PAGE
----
UK starts dispute proceedings, claiming exclusion from EU scientific research

·3 min read
<span>Photograph: Dino Fracchia/Alamy</span>
Photograph: Dino Fracchia/Alamy

The UK is triggering dispute proceedings with the EU, accusing it of breaching the Brexit treaty by freezing it out of scientific research programmes following the row over Northern Ireland.

Liz Truss, the foreign secretary and Tory leadership frontrunner, said there had been a “clear breach” of the trade and cooperation agreement, with her department writing to Brussels requesting formal dispute talks.

The UK government claimed the EU was causing serious damage to research and development in both the UK and EU member states, with Britain frozen out of science research programme Horizon, Copernicus, the Earth observation programme, which provides data on climate change, Euratom, the nuclear research programme, and space surveillance and tracking.

“The EU is in clear breach of our agreement, repeatedly seeking to politicise vital scientific cooperation by refusing to finalise access to these important programmes,” she said. “We cannot allow this to continue. That is why the UK has now launched formal consultations and will do everything necessary to protect the scientific community.”

EU sources confirmed the UK was asking for “formal consultations” – the first step of the mechanism to resolve disputes over the trade and cooperation agreement.

The move Truss, first reported by the Telegraph, comes after the two sides reached an impasse over the UK’s participation in Horizon, Euroatom and space services.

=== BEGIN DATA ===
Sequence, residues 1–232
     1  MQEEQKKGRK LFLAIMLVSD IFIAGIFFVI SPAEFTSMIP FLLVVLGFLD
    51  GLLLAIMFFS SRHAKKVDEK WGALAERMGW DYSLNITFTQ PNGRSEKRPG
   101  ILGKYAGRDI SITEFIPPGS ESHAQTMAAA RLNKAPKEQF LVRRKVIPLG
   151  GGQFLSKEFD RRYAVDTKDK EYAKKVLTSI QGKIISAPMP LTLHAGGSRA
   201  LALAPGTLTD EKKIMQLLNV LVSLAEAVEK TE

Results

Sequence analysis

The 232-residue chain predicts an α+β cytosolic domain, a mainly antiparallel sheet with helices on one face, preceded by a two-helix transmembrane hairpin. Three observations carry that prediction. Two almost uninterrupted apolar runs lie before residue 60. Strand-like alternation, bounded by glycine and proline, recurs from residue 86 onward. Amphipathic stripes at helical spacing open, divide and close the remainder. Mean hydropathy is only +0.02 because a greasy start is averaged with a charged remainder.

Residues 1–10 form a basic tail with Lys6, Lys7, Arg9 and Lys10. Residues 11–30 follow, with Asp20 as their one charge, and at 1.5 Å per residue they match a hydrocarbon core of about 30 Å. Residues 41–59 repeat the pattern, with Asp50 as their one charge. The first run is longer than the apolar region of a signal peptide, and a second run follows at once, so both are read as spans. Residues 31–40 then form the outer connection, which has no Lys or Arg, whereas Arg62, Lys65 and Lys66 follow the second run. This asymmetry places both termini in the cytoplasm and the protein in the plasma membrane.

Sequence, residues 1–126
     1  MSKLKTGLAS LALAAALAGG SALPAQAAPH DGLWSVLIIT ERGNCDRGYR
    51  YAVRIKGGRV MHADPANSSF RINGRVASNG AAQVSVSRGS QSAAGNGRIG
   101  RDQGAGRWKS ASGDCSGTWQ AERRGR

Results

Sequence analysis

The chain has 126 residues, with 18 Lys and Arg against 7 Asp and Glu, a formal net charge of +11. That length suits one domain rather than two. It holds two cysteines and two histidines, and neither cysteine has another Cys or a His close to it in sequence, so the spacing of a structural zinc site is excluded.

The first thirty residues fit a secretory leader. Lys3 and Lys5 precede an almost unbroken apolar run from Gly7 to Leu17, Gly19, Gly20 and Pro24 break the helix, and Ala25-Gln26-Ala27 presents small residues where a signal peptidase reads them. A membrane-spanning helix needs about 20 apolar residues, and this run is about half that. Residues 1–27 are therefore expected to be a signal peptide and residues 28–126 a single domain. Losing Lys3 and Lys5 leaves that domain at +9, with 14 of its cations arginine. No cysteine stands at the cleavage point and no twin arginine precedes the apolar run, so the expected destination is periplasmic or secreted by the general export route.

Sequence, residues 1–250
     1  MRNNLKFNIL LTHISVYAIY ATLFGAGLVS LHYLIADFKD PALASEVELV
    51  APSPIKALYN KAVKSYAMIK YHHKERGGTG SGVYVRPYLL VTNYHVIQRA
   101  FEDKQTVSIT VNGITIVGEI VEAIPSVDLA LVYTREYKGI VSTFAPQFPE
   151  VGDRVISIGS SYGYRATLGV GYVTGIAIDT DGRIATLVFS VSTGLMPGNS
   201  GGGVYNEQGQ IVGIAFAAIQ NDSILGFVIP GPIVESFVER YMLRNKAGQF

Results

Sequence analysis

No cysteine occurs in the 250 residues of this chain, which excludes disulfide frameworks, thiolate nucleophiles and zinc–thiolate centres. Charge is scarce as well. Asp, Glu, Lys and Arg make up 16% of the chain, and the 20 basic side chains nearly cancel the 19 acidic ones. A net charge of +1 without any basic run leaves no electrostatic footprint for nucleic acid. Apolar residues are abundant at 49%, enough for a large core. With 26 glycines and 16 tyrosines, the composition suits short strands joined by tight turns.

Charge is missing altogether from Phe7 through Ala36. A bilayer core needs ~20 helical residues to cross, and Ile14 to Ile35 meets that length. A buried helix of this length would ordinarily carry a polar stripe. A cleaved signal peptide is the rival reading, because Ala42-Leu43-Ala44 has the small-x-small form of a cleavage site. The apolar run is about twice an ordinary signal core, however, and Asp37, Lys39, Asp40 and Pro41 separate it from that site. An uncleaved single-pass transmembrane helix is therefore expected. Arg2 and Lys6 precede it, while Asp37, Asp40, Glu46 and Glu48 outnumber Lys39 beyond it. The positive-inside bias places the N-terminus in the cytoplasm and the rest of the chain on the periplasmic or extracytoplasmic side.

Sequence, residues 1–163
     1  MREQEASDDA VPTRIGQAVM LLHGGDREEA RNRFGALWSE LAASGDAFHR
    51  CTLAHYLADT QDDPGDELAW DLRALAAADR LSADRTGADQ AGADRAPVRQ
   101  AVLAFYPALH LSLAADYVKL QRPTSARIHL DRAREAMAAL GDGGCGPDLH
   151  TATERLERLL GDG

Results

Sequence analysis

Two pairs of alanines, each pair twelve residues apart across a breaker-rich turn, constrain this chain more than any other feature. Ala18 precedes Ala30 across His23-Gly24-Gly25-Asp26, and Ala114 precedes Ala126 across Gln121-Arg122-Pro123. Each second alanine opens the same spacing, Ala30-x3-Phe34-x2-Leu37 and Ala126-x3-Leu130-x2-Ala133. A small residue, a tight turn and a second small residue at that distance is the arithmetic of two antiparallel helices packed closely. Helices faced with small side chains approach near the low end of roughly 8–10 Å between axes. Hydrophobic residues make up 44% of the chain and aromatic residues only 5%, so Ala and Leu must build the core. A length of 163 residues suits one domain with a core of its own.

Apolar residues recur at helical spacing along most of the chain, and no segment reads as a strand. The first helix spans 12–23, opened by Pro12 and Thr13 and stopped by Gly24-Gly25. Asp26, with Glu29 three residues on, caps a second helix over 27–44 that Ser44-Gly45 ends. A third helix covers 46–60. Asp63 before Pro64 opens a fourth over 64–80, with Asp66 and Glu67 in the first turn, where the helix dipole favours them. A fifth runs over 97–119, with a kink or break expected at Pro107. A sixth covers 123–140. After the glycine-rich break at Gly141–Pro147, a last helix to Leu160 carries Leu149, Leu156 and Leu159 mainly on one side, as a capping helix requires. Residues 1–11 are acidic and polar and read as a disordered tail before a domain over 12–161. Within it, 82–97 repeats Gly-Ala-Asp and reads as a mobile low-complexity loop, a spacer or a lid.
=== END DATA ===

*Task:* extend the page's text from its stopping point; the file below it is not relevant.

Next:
British scientists and academic researchers had 115 grants from the Horizon programme terminated in July because of the continuing Brexit row over the Northern Ireland protocol.

Grants had been approved for British applicants after the then Brexit minister, David Frost, successfully negotiated associate membership of the £80bn Horizon Europe programme but most are now being cancelled. The UK was due to pay a £15bn membership fee over seven years to participate in the programme.

Asked about the move, a spokesperson for the European Commission said: “The commission takes note of the UK’s request for consultation and will follow up on this in line with the applicable rules, as set out in the trade and cooperation agreement.”

At a press briefing on Tuesday, a commission spokesperson said: “We continue to recognise the mutual benefit and cooperation in science, research and innovation, nuclear research and space. However, it’s important to recall the political context.

“There are serious difficulties in the implementation of the withdrawal agreement and the trade and cooperation agreement. The TCA provides neither for a specific obligation for the EU to associate the UK to union programmes at this point in time, nor for a precise deadline to do so. We look forward to a prompt resolution.”

The first step in dispute proceedings is the start of talks through a partnership council. If this fails, then it could go to an arbitration tribunal, which could impose remedies for non-compliance if either side is deemed to have breached the agreement.

At the time the Horizon grants were cancelled, a spokesperson for the Department for Business, Energy and Industrial Strategy said the government “has guaranteed funding for eligible, successful applicants to Horizon Europe who are expected to sign grant agreements by December 2022 and who have been unable to sign grant agreements with the EU”.